Curling Elite Amateur Sport

McEwen and Weagle win return trips to Olympics

Dawn McEwen (right) sweeps alongside Kaitlyn Lawes en route to her second career Olympics berth. Photo: Curling Canada/ Michael Burns

By Dan Plouffe

Ottawa natives Dawn McEwen and Lisa Weagle are each headed back to the Olympic Games for the second time in their careers – and for the first as teammates – following their victorious run at the Nov. 20-28 Tim Hortons Curling Trials in Saskatoon.

“I’m super emotional right now,” McEwen said in Curling Canada’s post-game media conference. “It’s such a blur of emotions, but the fact that we get to go back to the Olympics is a total dream-come-true. Just to get to one is amazing, so I feel very lucky, very privileged.”

McEwen and Weagle were part of skip Jennifer Jones’ five-player Winnipeg-based rink that blasted out to a 4-0 start at the trials en route to a 5-3 round robin record a semi-final berth.

Team Jones knocked off Krista McCarville 8-3 in the semi to advance to the final against undefeated and #1 world-ranked Tracy Fleury. It was a back-and-forth contest with unimaginable late drama.

Trailing by one point in the 10th, but lying one with an opportunity for an open hit to score the decisive points that would send her team to the Olympics, Jones missed and was left with the unenviable need to steal in the extra end.

But the 2014 Olympic champions created a tough final shot for Fleury in the 11th, and when her stone clipped a guard, Team Jones was bound for Beijing.

“We knew we could hopefully try to put some pressure on them in the 11th, and it worked out,” said McEwen, 41. “I was pretty shocked in that moment, and then I just started bawling.”


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McEwen moved to Winnipeg – her husband (Mike McEwen)’s hometown – in 2007 after growing up in Ottawa and reaching a Scotties national final with Jenn Hanna. The University of Ottawa grad curled an exceptional 99% and 92% in the playoff round.

“I felt very relaxed and free,” McEwen noted. “Like I say, I feel very privileged to have had the experiences and success in curling. I was able to maintain a lot of composure and it felt great in a big game like that.”

Weagle, who’d played in earlier contents, was watching the crucial moments from the end of the rink.

“My heart rate was through the roof. (Coach) Viktor (Kjell) kept telling me to keep taking deep breaths,” Weagle recounted. “It was nerve-racking, but I just believed in the team so much.”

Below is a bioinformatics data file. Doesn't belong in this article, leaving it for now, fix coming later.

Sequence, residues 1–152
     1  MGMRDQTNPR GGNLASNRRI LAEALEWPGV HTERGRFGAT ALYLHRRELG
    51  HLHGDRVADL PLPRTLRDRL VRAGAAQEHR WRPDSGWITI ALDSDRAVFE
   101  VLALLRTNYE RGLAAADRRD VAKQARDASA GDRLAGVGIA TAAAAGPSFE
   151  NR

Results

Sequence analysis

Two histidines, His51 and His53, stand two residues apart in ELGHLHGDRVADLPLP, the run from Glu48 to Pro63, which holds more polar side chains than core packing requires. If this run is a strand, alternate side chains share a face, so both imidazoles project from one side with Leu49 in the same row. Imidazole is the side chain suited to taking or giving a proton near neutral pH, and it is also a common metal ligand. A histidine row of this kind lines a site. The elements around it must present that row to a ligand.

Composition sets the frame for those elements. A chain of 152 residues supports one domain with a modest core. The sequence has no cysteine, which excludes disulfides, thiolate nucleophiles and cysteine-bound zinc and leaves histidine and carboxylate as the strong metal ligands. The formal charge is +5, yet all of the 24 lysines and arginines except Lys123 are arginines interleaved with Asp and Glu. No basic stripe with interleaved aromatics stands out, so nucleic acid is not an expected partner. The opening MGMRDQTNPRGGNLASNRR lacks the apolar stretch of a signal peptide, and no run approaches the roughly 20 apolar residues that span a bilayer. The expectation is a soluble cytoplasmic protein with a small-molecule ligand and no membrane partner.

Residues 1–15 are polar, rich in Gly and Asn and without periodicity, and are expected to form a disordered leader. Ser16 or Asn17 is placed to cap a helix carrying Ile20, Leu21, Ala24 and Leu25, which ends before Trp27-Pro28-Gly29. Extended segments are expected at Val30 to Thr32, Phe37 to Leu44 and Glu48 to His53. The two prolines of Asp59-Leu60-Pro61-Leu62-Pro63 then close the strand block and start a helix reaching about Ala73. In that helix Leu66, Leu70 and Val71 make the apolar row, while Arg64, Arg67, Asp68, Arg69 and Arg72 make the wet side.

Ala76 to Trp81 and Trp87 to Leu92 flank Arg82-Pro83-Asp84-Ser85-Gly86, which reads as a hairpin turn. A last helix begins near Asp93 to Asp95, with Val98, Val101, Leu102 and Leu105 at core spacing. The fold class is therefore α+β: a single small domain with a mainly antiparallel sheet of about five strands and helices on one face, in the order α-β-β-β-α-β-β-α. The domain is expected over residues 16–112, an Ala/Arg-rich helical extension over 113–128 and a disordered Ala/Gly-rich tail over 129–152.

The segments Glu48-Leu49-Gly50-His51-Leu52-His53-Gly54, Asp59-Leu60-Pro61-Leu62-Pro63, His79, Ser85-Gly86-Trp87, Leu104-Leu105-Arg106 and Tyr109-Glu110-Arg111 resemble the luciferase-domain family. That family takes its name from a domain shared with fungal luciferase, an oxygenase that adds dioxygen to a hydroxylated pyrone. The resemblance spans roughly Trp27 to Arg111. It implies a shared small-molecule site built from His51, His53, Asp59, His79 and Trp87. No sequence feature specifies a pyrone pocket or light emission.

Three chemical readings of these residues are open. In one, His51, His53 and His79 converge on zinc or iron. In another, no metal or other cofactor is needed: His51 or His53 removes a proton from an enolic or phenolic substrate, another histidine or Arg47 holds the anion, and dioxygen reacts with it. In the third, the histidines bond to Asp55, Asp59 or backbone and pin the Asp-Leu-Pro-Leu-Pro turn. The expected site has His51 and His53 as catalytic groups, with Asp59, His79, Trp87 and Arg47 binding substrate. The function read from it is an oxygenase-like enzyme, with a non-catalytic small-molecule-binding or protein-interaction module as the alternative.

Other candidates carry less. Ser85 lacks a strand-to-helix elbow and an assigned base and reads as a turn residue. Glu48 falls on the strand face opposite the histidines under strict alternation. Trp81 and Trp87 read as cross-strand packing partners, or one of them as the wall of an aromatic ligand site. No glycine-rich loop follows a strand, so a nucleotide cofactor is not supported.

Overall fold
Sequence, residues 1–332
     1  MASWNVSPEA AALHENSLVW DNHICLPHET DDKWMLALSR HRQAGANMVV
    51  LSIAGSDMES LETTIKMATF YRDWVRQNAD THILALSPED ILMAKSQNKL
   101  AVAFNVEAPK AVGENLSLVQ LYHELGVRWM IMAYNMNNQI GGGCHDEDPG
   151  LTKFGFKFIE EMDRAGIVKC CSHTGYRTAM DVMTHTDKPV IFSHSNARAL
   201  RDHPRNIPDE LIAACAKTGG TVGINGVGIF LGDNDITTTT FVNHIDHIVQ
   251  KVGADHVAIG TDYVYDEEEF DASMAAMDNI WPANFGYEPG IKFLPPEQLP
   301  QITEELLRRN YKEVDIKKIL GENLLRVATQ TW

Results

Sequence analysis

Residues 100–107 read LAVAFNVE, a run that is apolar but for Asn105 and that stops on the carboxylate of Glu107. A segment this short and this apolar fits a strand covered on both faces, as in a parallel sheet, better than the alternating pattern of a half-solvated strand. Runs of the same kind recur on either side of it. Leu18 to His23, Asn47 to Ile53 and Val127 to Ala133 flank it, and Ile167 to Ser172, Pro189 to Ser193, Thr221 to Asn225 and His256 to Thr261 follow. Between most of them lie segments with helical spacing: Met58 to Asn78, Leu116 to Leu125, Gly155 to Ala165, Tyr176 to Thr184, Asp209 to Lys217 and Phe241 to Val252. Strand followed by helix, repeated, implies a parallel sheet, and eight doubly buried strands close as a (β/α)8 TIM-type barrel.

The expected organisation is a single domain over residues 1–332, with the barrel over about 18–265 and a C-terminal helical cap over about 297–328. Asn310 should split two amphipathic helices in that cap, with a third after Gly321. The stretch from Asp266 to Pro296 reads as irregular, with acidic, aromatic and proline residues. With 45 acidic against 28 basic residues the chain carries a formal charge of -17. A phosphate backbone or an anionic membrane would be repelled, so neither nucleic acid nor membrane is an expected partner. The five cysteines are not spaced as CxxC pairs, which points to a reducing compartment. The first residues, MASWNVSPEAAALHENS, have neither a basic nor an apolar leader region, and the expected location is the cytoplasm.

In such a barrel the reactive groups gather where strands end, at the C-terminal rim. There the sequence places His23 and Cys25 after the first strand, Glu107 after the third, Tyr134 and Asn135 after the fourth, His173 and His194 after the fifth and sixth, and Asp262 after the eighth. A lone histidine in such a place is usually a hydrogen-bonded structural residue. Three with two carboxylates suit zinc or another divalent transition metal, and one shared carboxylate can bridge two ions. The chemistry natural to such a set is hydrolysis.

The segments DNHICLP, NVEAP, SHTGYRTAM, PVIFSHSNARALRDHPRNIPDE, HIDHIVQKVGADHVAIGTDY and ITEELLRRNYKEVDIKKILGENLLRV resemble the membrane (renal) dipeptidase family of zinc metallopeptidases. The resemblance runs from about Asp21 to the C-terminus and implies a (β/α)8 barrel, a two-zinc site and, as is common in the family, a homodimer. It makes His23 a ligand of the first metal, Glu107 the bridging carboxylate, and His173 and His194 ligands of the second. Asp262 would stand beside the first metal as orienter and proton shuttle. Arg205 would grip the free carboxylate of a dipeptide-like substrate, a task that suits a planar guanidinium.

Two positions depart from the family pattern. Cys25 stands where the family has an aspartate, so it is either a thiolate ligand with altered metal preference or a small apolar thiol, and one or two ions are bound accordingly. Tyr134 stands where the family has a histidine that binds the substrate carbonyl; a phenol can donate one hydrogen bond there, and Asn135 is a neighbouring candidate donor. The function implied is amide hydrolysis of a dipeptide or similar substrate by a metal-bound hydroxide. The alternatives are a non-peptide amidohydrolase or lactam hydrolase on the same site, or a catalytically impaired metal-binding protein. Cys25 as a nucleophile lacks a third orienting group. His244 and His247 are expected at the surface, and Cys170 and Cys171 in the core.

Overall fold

Weagle ‘happy this is how my story is turning out’

Lisa Weagle competing at the Canadian trials for the 2018 Olympics in Ottawa. File photo

Weagle’s previous Olympic appearance came in 2018 as a member of Rachel Homan’s Ottawa Curling Club rink that went on to finish sixth in Pyeongchang. Team Homan, which went 2-6 to finish at the bottom of the trials standings, elected to replace Weagle with Sarah Wilkes in March 2020.

“Things happen for a reason, and I’m really happy that the opportunity came up to join this team, and I’m happy this is how my story is turning out from everything that has happened,” added the 36-year-old, “When Jenn called me and asked me to join the team, she said this is what we were going to do. She told me, and I believed her. We’ve just had that incredible belief in each other, and in our process, and through the highs and lows, and here we are.”

Though she was an opponent at the time, Weagle told the Ottawa Sports Pages while competing at the Canadian trials for the 2018 Olympics in Ottawa that McEwen was nonetheless an inspiration to her.

“Dawn’s a great curler,” Weagle highlighted. “She’s an amazing lead and someone I’ve always chased. And her being from Ottawa is pretty cool, that means that we both kind of have that connection.”

Other players with connections to the capital who competed at the trials included Lynn Kreviazuk (3-5 with Team Harrison), Emma Miskew (2-6 Team Homan), and on the men’s side: John Morris (6-2, semi-finalist Team Koe), Wes Forget (1-7 Team Horgan), and Mat Camm and Brent Laing (3-5 Team Epping).


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